Moreover, the conservative might say, excessive entitlement programs breed dependence; they deplete the human spirit and treat recipients as inferior. That is a contemptuous, degrading thing to do to another human being.
Conservatives also put stock in the idea of fair play. They want everyone to have an equal chance at success, and by definition, conservatives hold no resentment toward those who succeed.
Whether or not you agree with them, give them some credit, and lay off the tacit name-calling (you not only implied that they are greedy and stupid, but racist as well). Mainstream conservatives are as kind-hearted as mainstream Democrats; their concern for others simply takes a different form.
Conservatives are less intelligent than liberals. Since you provided no reference for the study you cited, I’m at a disadvantage to debunk it, but it is certainly not the first psychology study to suggest that conservatives are mentally inferior to liberals. These studies are invariably produced by liberal elitists who work at liberal institutions. Studies that I have deconstructed in the past have been self-serving, shamelessly biased, and hopelessly irrational. See here and here, for example. I would bet my next paycheck that the study to which you referred is every bit as methodologically confuddled as the rest. I base that assertion on the simple principle that groups of people will always be more similar than different.
I’ve lifted the Conservatives-Is-Stoopid chart from your entry. IQ increases with the endorsement of hard left ideology? I smell a rat. Are you willing to provide a reference for this data?
An Alternative Explanation
If your premises are flawed, how does one account for the fact that liberals tend to reign in institutions like academia and the media? I believe it is because liberalism, by its very nature, is an authoritarian ideology. Those with a penchant for telling others how to live seek leadership posts in organizations that have the most direct impact on the way that others conduct themselves. Academia provides a mostly uncontested liberal view of the world and the way one should inhabit it; the media, until recently, provided a mostly uncontested liberal account of world events and how one should interpret them.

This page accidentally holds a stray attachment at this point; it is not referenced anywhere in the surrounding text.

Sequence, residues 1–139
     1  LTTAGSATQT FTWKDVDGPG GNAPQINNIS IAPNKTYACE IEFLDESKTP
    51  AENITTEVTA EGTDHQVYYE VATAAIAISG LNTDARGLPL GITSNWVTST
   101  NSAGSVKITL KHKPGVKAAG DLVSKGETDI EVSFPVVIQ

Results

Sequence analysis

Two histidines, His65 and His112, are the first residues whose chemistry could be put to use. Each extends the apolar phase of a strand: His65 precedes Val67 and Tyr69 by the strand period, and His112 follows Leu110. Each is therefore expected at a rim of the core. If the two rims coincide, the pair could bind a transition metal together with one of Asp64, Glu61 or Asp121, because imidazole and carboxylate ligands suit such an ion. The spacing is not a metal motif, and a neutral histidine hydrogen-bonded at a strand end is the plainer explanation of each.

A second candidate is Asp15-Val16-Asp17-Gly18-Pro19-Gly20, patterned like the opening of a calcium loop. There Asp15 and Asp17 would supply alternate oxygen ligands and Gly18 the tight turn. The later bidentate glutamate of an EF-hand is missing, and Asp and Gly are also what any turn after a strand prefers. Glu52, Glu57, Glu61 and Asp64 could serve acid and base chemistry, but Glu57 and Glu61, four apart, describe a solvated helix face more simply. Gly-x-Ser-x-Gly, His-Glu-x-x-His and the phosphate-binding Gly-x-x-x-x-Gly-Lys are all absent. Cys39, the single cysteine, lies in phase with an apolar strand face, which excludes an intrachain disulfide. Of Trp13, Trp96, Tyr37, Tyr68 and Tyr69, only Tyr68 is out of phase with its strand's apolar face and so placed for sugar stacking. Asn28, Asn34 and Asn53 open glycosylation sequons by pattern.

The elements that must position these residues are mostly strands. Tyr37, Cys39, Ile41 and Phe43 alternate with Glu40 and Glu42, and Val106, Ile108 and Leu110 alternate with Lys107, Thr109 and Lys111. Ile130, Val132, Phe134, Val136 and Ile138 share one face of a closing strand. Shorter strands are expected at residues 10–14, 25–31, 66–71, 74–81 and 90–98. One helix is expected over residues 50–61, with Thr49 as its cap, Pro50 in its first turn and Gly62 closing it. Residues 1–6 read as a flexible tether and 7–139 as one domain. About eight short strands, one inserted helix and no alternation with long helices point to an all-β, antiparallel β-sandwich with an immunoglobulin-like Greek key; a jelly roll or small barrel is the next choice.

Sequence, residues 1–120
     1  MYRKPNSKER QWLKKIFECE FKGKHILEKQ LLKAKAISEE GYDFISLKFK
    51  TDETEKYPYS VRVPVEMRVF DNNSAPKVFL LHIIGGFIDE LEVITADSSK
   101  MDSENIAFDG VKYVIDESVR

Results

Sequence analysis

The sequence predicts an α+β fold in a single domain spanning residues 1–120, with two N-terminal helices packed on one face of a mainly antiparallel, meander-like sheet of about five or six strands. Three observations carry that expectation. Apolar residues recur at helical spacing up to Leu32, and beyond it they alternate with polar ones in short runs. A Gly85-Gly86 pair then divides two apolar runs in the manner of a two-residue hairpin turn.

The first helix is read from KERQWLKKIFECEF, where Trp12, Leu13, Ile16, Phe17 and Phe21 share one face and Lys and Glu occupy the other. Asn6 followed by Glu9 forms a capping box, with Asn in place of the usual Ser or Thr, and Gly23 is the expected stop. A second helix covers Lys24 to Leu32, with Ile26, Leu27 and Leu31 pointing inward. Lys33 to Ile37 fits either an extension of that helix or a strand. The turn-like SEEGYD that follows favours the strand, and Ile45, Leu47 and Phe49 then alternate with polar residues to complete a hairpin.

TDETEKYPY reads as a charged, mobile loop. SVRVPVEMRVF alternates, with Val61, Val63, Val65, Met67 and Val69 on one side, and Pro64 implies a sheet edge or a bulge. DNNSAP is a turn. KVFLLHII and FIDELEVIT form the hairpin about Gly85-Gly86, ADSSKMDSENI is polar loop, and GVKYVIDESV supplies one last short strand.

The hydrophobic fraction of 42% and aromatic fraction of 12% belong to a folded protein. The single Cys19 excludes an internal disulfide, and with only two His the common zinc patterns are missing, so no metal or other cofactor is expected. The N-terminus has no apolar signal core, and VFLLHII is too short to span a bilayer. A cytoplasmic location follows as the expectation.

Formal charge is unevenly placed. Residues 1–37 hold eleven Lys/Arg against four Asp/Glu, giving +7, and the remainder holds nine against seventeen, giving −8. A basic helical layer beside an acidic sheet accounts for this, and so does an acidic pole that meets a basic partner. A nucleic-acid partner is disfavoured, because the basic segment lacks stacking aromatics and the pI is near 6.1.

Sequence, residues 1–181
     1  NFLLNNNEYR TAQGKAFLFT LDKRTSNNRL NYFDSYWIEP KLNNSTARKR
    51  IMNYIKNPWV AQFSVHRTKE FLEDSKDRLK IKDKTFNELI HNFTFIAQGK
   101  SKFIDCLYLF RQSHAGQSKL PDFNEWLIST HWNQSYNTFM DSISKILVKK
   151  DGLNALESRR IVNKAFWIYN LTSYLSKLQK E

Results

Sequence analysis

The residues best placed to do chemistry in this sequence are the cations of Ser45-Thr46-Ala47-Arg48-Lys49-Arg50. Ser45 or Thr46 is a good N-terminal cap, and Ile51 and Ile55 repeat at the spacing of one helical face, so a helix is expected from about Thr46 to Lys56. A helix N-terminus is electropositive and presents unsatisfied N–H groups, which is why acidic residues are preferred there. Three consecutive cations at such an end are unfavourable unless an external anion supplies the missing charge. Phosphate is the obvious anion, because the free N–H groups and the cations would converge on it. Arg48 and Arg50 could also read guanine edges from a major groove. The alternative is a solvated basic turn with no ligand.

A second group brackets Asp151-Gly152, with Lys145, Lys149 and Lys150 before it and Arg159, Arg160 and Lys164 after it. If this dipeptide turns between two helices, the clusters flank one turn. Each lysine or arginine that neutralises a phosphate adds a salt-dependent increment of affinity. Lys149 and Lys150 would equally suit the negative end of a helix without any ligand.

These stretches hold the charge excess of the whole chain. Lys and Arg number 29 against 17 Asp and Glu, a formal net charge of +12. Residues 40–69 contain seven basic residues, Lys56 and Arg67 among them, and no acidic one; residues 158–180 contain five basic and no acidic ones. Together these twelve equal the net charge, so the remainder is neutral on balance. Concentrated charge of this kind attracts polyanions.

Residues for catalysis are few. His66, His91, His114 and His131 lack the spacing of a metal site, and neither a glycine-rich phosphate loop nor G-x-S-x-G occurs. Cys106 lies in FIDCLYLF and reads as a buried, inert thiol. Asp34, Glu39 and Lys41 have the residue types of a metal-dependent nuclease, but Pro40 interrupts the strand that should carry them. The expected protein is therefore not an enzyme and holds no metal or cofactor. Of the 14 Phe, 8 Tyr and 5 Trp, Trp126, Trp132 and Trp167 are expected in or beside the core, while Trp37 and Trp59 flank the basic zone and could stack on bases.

The desire to tell others how to live (or the lack of that desire) might also explain why conservatives tend to run equally complex organizations that simply provide a product or a service. The CEO of a tire company has no platform by which to tell others how to live.
And it most certainly explains why liberal elitists think they are smarter than everyone else (and are willing to cook the data to prove it). How else could they justify telling everyone else how to live?
Throughout my education, I was told that conservatives are conformity-seeking authoritarians. I believed it, for a while. But my experience outside academia has shown me something entirely different. It is liberal elitists who want to tell me where to live, what to drive, what I may smoke, which light bulb to use, how much I money I may make, how much I should weigh, which words I may use, what news I may watch, and how much salt to put on my food. They tell me that I am smart if I agree with them; I am dumb if I do not.
Conservatives get high-handed on occasion, too, and it is every bit as offensive. But elitist liberals are the Lucy Van Pelts of adult life: bossy, crabby, intolerant, and sanctimonious. Consider the behavior of Obama, Reid, and Pelosi in the face of overwhelming public disapproval of their healthcare reform plan: public sentiment be damned, we know what’s good for you and you shall do as we say.
It was Democrat Congressman John Dingell who recently said it best. While answering a question about the new healthcare legislation, he said “…it takes a long time to do the necessary administrative steps that have to be taken to put the legislation together to control the people” (emphasis mine).
As devoted as I am to evolutionary psychology, Dr. Kanazawa, it does not always offer the most direct explanation for behavior. And it is terribly distressing to see this fledgling branch of psychology used as a cheap bludgeon against ideological opponents.
Cummings, D. (2005). Dominance, status, and social hierarchies. In D.M. Buss (ed.) The Handbook of Evolutionary Psychology (676-697). New Jersey: John Wiley & Sons, Inc.